Tuesday, May 24, 2022
May 24, 2022

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Camden: It’s time for early legislation

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If guys with white beards and red suits are posing for photos with children and trees are decorated with twinkling lights and ornaments, it can only mean one thing.

Not that Christmas thing.

It means a legislative session will be starting in about a month, and some folks are scrambling to get their great ideas filed before the post-holiday rush.

The Washington Legislature allows bills to be “prefiled” in December, possibly as a way to get the creative juices flowing before all the lawmakers rush back into Olympia and the legislative machinery gets flooded. Among the scores of pre-filed bills so far are some brand new ideas, some adjustments to existing laws and some chestnuts being thrown back onto the fire to see if they will pop.

One new idea that sounds like an old one comes from Sen. Jim Honeyford, R-Sunnyside, to make “The Evergreen State” the official nickname of Washington.

Wait a minute, some readers probably just said. “The Evergreen State” is the nickname of Washington. We even have a state college called that.

Sort of.

Washington was nicknamed “the Evergreen State” by a pioneer Seattle real estate broker, newspaperman and historian named Charles Tallmadge Conover in the early part of the last century when he was pushing a national campaign to boost the city and the state. Even though the phrase stuck, it was never officially adopted as the state nickname.

Over the years, the Legislature has adopted a plethora of official state things: a fish, an amphibian, a fossil, a marine mammal, an endemic mammal, a vegetable, an oyster — and on and on. With a list that long, Honeyford’s proposal might be a no-brainer.

There also are several proposals to roll back restrictions placed on law enforcement in last year’s session, including bills by several House Republicans to allow a greater use of physical force when arresting and detaining suspects, and to broaden the use of vehicular pursuits. Sen. Mike Padden, R-Spokane Valley, would like to raise the maximum penalty for assaulting a police officer from five years to 10 years.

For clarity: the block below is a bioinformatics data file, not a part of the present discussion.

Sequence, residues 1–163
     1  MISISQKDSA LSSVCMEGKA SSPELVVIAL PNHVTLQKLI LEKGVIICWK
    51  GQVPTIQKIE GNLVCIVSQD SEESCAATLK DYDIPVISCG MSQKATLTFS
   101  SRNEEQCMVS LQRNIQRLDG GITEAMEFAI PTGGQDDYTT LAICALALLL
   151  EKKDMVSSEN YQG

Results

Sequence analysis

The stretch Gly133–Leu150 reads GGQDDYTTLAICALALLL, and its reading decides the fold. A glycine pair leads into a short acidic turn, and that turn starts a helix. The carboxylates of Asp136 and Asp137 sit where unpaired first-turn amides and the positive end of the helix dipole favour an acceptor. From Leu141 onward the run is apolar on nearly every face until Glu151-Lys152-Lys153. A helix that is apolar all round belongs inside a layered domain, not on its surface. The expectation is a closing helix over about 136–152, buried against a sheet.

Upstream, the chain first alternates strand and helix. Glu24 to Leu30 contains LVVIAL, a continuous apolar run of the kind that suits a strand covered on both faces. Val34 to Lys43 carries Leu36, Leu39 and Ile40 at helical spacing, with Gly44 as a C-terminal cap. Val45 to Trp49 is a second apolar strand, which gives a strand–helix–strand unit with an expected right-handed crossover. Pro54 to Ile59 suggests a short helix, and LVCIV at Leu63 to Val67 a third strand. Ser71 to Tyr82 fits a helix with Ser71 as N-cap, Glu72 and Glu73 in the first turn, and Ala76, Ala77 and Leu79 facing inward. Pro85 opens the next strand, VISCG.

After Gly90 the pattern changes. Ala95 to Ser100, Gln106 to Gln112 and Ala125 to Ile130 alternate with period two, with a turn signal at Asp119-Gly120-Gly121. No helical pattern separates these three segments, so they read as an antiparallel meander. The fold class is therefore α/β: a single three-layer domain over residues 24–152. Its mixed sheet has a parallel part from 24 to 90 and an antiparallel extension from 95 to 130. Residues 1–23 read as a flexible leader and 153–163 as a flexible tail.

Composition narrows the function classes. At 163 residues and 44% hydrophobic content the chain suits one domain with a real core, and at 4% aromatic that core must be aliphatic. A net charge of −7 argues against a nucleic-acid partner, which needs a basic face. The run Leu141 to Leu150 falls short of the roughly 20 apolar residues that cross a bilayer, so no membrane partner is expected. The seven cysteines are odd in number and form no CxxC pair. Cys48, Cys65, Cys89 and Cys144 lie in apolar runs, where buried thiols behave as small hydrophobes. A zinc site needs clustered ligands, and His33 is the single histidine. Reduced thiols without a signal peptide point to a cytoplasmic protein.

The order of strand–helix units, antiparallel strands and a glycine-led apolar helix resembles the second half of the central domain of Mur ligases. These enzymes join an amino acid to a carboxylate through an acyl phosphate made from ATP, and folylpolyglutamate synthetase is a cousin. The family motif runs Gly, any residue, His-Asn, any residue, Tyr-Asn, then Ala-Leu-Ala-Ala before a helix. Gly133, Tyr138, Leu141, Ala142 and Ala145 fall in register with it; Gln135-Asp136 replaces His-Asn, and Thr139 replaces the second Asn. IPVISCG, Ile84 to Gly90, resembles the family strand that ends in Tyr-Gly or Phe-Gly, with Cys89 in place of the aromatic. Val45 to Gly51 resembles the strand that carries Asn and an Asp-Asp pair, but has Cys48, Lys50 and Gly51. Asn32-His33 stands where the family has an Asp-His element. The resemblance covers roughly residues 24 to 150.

The state’s new long-term services and care program is likely to get lots of attention next year. Sen. Mark Schoesler, R-Ritzville, has an early bill that calls for a study of financial products people could buy or employers could offer like annuities or life insurance to take its place.

A pair of House Democrats want a ban on firearms and other dangerous weapons in election offices, voting centers and ballot counting centers. Law enforcement and security officers would be exempt from the law, which would be a gross misdemeanor with a maximum penalty of 364 days in jail and a fine of up to $5,000.

Rep. Rob Chase, R-Spokane Valley, is co-sponsoring a state constitutional amendment to put term limits on legislators and statewide elected officials. Voters rejected term limits by initiative in 1991 but approved them in 1992, only to have the state Supreme Court rule such changes had to be constitutional amendments, not initiatives, which are simply statutes.

The odds of success are probably no better or worse for pre-filed bills than similar legislation on the same topic filed after the session starts. One proposal that may have the least chance of becoming law in the next session is from Sen. Phil Fortunato, R-Auburn, to require “informed consent” for any woman seeking an abortion, along with a waiting period of at least 24 hours.

While some states have competed to find new ways to restrict abortion in hopes of getting the nod from the U.S. Supreme Court, Washington voters approved legal abortion before Roe v. Wade, and Democrats who control Legislature, along with Gov. Jay Inslee, have shown no inclination to put up restrictions.

If one could bet on legislation like one can bet on sports, there would be no odds posted for an informed consent bill passing, and maybe 1,000-to-1 on it even getting a hearing.

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